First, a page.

Slow & Steady = Success

Slow and steady wins the conditioning race, so don’t underestimate the importance of walking. It’s low-impact and a fantastic way to help your horse build muscle, improve balance, increase cardiovascular health, and strengthen bones.

Don’t Forget About Tack Fit

If your horse hasn’t been ridden for a while, his saddle may not fit the way it used to. As your horse rebuilds muscle, the shape of his back will change, and he may need a different saddle. Adjusting your saddle pad, or adding/subtracting riser pads can also help ensure tack fits properly.

Rest Days

Just like humans need days off between lifting weights or running a long race, horses need rest days to recover and rebuild muscle tissue. Horses develop cardiovascular strength more quickly than muscle and bone strength, which gives the appearance of being more fit than they are.

Don’t let your horse not being out of breath fool you into thinking he’s fine to work six days a week.

Mix It Up

If you want a fit, well-balanced horse, it’s important to include a range of fitness activities. Alternate lunging with light riding, ask your horse to work on different surfaces (sand, grass, gravel, etc.), walk up and down hills, and do some intervals.

two people riding horses in the ocean

Source: Canva

Bonus Tip: Stretching can be a fantastic way to improve your horse’s fitness. Include 5-10 minutes of stretching after every workout.

How to Improve Your Horse’s Fitness

Your horse’s fitness journey can be broken down into three basic steps.

Step 1: Set Your Base Line

This step is all about establishing a basic level of fitness. Lots of walking. Start short with 10-15 minutes 4-5 days a week. Work up to 45-60 minutes over the course of a month (long enough to handle a trail ride). Include things like lateral work and circles (to improve flexibility).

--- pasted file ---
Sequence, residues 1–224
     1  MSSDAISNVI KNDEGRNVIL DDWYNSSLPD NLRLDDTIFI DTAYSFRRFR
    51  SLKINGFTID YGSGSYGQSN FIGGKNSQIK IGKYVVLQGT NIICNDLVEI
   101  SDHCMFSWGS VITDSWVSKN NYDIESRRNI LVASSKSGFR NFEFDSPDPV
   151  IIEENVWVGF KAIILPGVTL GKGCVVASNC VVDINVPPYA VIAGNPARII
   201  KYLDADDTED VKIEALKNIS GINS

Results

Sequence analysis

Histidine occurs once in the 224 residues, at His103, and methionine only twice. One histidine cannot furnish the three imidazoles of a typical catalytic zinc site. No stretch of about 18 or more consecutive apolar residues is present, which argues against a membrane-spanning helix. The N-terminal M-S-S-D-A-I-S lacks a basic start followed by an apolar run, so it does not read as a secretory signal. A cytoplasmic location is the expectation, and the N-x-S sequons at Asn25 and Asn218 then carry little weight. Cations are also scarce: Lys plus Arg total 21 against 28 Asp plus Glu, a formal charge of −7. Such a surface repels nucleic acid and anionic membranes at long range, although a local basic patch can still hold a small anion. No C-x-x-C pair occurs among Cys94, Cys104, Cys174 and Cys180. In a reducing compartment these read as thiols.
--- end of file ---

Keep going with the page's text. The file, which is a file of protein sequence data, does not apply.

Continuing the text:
Step 2: Add Variety

You’ll alternate between trail (or walk) days and short interval days. 5-minute warm-up, followed by 5 minutes of trotting, 5 minutes of walking (repeat 2 times), then a 10-minute cooldown. Work up to 15 minutes of trotting (still only 5 minutes of walking).

Step 3: Step It Up

By this step, your horse should be able to handle 45 minutes of moderate walk/trot workouts comfortably (no excessive sweating, breathing returns to normal in less than 5 minutes after trotting).

Now you can add in cantering, and slowly increase ride times (if desired). When you first add cantering, keep the workouts shorter (cantering is hard work), for no more than 3-5 minutes at a time (include at least 5 minutes of walking after each bout of cantering).

Pro Tip: At any step, if your horse is sweating profusely or struggling to catch his breath, you’re pushing too hard.

person cantering a horse through a field

Source: Canva

Don’t Forget About Nutrition

Nutrition is super important when it comes to physical fitness. Make sure your horse gets enough calories as you increase his workload (add quality hay, like alfalfa, first, before adding more grain). With feed, aim for something high in protein and fat.

When possible, look for low NSC options.

Fun Exercises to Get Your Horse Back in Shape